Friday 3 July saw the launch of ‘Onwords & Upwords’ bi-monthly showcase, the brainchild of accomplished Spoken Word artist, Richard Smartt Jnr better known as [Verb]swish.

Verbs explained that he wanted to put on a night that gave spoken word as much of an equal billing as good music. He didn’t want poets rushed off stage to make room for ‘loud music that would only deafen us’. Verbs kept the line up simple; four quality artists spread over the evening. The show wasn’t bursting at the seems with acts therefore the audience could really appreciate each one to the full. The performances were stripped down to bare essentials, proving that none of the artists on the night were your flash-in-the-pan types, with an over-reliance on clever production to hide mediocrity. These are the real deal.

Verbs also interspersed the night with a brand new piece split into several snippets called ‘Down’ which was an ode to the peculiar times in which we live. In the deft manner that has come to epitomise Verbs style of performance poetry, he delivered mini-soliloquies on living in the Big Choke in 2009. The pieces remained topical without being parochial and Verbs drew inspiration from the socio-economic and environmental challenges facing the world today. He also performed his future classic ‘Nobody’ featuring Abimaro and Mercy doing a sublime job on BGVs. The song pays homage to the virtues of obscurity, something our celebrity-crazed society constantly overlooks. Yet Verbs didn’t forget to add a healthy dose of levity to the proceedings and his banter with the audience all night went down a treat, too.

Verbs picked a choice bunch of artists for O&U’s maiden voyage. First out of the stable was poet-cum-singer-cum-guitarist, Sh’maya and his trusty Loop Station. He intrigued us with the wonderful soundscapes he created using just the Station, his voice and the guitar. However the poetry in the first half of Sh’maya’s set was lacking for me. It wasn’t bad but I couldn’t help thinking it sounded a little bit derivative. However, he really came into his own in the second half, when he delivered an epic piece about the self-destructive choices we often make on our journey to find a pure and meaningful love.

Next up was Abimaro Suit, one of my favourite live acts of late, who wrapped her warm vocals around some more of her original material. She was accompanied by the amazing Mike ‘Macfro’ on acoustic guitar, who has already made a name for himself as one of the premier young soul/jazz guitarists on the scene today. Abimaro gave us a sneak preview of ‘Mark’ and ‘Luke’, two of the songs on which she’s been working based on the four Gospels of the New Testament. With the track ‘Ginger Tea’ she uses, to delicious effect, the recipe for her favourite hot beverage as an allegory for her personal evolution. Miss Suit’s voice and craft can’t help but bring you to your knees- she’s like a lullaby on two legs. She makes you fall in love with great music and lyricism and the marriage of the two, each time you listen to her.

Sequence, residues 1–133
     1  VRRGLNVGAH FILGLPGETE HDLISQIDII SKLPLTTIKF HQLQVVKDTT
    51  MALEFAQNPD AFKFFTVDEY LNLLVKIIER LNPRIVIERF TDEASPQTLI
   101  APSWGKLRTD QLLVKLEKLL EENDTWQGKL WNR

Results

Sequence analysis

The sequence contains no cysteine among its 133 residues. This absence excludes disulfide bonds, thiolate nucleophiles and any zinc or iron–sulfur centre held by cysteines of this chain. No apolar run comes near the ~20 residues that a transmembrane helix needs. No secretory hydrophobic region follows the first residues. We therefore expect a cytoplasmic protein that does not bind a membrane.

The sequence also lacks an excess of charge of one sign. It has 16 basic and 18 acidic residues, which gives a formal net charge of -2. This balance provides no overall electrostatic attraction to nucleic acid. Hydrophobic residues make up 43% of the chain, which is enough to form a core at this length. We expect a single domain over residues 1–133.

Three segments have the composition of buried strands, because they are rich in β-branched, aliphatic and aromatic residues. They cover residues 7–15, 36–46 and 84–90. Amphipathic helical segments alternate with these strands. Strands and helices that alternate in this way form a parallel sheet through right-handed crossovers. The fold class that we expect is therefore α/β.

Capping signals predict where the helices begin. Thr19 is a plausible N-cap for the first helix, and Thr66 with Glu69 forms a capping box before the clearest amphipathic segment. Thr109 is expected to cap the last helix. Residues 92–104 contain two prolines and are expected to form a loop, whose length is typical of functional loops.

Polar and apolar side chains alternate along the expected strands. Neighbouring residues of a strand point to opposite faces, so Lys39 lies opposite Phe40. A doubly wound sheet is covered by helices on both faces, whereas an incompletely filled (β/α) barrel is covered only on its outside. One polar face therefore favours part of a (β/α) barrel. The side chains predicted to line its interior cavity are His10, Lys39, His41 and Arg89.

Honey-voiced Mercy Adjepong was yet another worthy addition to the night’s cracking line-up. For those of us in attendance, both familiar and unfamiliar with this lady’s talent, she taught us something about the elasticity of her range and her impressive songwriting skills. A personal highlight was ‘Out The Window’; its insouciant, summer rhythm belies the slightly sombre feel of the lyrics and the contrast is a lovely one.

The night was rounded off by the ubiquitous Testament from Homecut aka Andy Brooks. I have seen Homecut in action three times in less than two months and it’s a different experience each time. I make no bones on the Soulculture pages about my appreciation of this group. It’s not for nothing that this outfit is getting 5-star reviews in the Metro and that they are making their way to the forefront of the UK live scene. Ever the charismatic and versatile performer, this time it was the turn of Testament’s beat-boxing talent to leave us slack-jawed in awe. Sailing through familiar tracks by the likes of Erykah Badu, Michael Jackson and Justin Timberlake, he soon had the crowd engaged in an ad-hoc game of ‘name that tune’. Later in his set, with the help of a loop station and his ability to recreate a host of sounds with only his voice, Testament did re-interpretations of tunes from his excellent debut album ‘No Freedom Without Sacrifice’. No two Homecut gigs are the same and last night’s set re-affirmed this. (Do yourself a favour and catch them at the Jazz Café on 24 July 2009).

All in All O&U’s launch night was a resounding success. Next show is on 4 September@ the Horse Bar, Lambeth North and definitely a date for your diary.

Review by Tolita.

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